Lucke said the forthcoming Five Presidents Report, drawn up by the presidents of the ECB, European Commission, EU Parliament, European Council and Eurogroup, will take the view that the common currency must be preserved come what may and therefore the EU must “move from coordination to actually controlling economic policy”. In other words, following Rahm Emanuel’s doctrine “you never let a serious crisis go to waste”, catastrophic events that have dramatically discredited the federalist currency project will be used to justify much stricter centralisation, fiscal and political.

Beyond a doubt, the ruthless political will exists in Brussels to pursue such a course, but the ability of EU apparatchiks to push water uphill may be becoming exhausted. The markets are likely to take a hand if a defaulting Greece remains in the single currency. Europhile fanatics are proposing, in effect, to keep the plague bacillus within the ailing currency – how clever is that? Contagion would not be confined to the aftermath of Grexit: it would also be a hazard within EMU. The markets could run away with the situation, beyond any capability of the ECB to contain forces released by the blatant refusal to follow the only rational course of action by expelling Greece.

It is now entirely possible that the determination of Brussels to force capitulation on Greece may start the chain of nuclear fission that will detonate the entire European project. What the Brussels apparatchiks and the Troika had not bargained on was the equal intransigence of a hard-left Greek government whose prime minister named his younger son, just three years ago, after Che Guevara. The irresistible force has met the immovable object. It is difficult to say which of the two opposing parties is the more deluded, but it is the creditors, not the debtors, who may blow the European economy apart.

Greece has total indebtedness to the IMF and EU of €323bn, more than 175 per cent of GDP. To service that debt, it is borrowing from its existing creditors. Those creditors talk a good game at televised press conferences; they talk a knowledgeable jargon about “haircuts” and other devices to impress laymen; but their conduct is economically illiterate. Their economic practices are at least as many light years removed from authentic capitalism as was the Soviet system. Ambrose Evans-Pritchard has written an excoriating piece in the Daily Telegraph (“Greek debt crisis is the Iraq War of finance”), presenting a damning indictment of the conduct of the ECB.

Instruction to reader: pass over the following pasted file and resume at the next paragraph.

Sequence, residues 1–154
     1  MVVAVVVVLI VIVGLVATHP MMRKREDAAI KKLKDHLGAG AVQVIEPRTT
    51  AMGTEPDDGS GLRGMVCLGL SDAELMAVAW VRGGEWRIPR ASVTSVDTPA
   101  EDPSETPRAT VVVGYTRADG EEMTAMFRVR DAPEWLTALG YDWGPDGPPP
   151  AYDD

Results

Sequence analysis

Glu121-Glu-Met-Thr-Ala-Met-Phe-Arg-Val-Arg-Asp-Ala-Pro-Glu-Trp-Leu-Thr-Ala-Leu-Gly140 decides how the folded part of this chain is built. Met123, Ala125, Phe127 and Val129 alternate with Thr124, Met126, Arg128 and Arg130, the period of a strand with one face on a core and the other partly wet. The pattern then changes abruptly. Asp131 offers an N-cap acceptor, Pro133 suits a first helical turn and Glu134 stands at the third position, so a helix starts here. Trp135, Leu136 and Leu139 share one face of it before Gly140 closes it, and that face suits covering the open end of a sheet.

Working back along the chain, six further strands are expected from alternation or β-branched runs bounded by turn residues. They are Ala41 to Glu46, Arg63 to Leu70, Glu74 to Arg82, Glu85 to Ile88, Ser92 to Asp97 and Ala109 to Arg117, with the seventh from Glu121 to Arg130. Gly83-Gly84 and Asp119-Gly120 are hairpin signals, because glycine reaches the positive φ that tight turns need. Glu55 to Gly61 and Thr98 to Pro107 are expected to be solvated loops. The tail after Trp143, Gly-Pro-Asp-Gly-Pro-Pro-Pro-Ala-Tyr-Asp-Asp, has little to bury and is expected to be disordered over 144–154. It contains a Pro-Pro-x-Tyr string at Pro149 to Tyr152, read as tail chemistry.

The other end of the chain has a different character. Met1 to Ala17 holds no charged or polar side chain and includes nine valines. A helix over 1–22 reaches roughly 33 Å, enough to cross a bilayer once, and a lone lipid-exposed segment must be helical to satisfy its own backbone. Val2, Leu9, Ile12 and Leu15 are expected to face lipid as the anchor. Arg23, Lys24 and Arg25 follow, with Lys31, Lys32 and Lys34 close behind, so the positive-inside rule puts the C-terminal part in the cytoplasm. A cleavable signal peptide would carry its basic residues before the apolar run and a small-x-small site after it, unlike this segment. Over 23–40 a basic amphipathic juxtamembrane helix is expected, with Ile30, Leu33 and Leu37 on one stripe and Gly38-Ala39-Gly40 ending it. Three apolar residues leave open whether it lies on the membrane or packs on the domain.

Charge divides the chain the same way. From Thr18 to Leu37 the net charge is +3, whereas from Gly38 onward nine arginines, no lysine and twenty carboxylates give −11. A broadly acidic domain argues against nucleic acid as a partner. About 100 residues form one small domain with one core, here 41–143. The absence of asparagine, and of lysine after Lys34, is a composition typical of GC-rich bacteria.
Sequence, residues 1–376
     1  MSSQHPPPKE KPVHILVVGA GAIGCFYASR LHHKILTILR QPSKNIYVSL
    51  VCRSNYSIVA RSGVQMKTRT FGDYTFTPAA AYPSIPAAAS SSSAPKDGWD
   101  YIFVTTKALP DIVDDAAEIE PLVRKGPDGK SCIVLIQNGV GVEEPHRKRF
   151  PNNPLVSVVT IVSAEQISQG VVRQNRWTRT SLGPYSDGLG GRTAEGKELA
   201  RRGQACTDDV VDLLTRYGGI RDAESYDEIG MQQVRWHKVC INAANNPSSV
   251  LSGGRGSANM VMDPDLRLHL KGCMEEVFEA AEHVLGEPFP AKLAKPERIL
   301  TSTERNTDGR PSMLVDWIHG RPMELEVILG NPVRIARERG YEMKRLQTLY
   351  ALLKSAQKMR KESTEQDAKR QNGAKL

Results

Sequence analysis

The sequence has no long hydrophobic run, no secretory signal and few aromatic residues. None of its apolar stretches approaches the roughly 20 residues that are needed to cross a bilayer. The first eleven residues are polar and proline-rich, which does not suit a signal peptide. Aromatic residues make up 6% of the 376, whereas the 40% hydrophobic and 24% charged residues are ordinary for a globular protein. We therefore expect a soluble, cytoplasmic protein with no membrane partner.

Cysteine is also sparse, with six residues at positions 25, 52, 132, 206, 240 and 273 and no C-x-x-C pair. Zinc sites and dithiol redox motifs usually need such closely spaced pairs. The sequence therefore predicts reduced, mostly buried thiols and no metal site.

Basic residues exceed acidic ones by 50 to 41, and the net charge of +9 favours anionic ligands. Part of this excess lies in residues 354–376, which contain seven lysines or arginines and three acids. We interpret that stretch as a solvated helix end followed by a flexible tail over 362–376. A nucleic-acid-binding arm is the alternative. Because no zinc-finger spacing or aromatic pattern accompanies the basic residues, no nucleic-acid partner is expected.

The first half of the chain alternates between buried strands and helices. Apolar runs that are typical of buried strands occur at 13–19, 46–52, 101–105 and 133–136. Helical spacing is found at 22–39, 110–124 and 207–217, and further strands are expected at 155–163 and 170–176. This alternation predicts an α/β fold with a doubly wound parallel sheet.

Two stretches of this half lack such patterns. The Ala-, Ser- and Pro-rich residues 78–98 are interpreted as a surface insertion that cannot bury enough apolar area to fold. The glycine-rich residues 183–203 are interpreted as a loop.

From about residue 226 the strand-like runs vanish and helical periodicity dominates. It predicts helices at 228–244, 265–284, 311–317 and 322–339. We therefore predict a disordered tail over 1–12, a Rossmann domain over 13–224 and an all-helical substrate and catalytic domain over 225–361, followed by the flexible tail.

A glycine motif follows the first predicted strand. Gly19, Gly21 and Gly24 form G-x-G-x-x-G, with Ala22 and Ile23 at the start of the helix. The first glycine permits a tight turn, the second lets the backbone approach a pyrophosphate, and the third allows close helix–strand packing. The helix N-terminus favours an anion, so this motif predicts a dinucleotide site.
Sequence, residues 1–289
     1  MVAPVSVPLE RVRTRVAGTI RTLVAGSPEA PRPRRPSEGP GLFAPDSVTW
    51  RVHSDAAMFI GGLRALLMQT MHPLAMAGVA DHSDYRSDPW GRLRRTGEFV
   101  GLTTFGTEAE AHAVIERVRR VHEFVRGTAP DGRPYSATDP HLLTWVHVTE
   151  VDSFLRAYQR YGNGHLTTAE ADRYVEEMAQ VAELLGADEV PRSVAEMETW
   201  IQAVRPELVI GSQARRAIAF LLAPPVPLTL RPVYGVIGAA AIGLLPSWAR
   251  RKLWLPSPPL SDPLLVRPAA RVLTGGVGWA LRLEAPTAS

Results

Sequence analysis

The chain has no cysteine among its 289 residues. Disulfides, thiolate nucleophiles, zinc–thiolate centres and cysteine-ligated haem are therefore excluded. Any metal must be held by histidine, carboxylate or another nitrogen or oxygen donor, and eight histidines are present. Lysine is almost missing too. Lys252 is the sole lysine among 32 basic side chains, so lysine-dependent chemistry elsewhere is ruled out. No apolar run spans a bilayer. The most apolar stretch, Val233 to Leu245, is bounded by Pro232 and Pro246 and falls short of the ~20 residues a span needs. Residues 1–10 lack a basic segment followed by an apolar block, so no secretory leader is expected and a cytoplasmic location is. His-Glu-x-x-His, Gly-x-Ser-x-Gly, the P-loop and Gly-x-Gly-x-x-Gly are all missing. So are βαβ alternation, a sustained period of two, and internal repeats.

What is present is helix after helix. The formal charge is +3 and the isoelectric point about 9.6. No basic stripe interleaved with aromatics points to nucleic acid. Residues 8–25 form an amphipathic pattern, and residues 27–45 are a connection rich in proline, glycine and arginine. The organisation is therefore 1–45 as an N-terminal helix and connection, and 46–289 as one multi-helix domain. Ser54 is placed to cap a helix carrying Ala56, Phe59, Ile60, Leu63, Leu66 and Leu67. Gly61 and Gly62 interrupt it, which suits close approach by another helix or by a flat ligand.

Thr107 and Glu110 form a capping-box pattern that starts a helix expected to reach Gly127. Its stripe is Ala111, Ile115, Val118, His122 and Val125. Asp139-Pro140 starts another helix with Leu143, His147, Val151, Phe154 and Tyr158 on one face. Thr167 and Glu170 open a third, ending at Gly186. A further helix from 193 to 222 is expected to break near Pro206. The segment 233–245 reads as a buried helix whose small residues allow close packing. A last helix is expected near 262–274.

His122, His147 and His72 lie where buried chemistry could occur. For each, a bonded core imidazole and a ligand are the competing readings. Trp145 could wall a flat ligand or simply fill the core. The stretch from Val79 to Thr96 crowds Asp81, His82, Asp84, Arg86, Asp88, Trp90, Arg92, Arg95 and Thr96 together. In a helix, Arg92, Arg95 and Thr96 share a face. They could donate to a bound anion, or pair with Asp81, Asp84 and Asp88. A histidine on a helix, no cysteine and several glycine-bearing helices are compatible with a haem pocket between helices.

The ailing Greek financial institutions are not banks, in any recognisable sense of the term – they are furnaces into which the product of years of European nations’ growth is being shovelled. But there is also an extremely interesting local aspect to this crisis. For years now, the routine response of EU grandees to any suggestion of British departure from the EU has been an affectation of indifference. Yet those same federalists are threatening the whole economic stability of Europe in an infatuated drive to keep Greece in the Eurozone, let alone the European Union.

If Britain, a nuclear power with a seat on the United Nations Security Council and with an economy outperforming the Eurozone, seriously threatened Brexit, the EU would be in blind panic. A genuinely Eurosceptic prime minister could exact any price, including treaty change, from imperialists terrified of losing their prize colony. It is Britain’s tragedy that much of its political class is in hock to the European Union myth, otherwise Brussels’ difficulty would be Britain’s opportunity.

Gerald Warner is a political commentator and writer.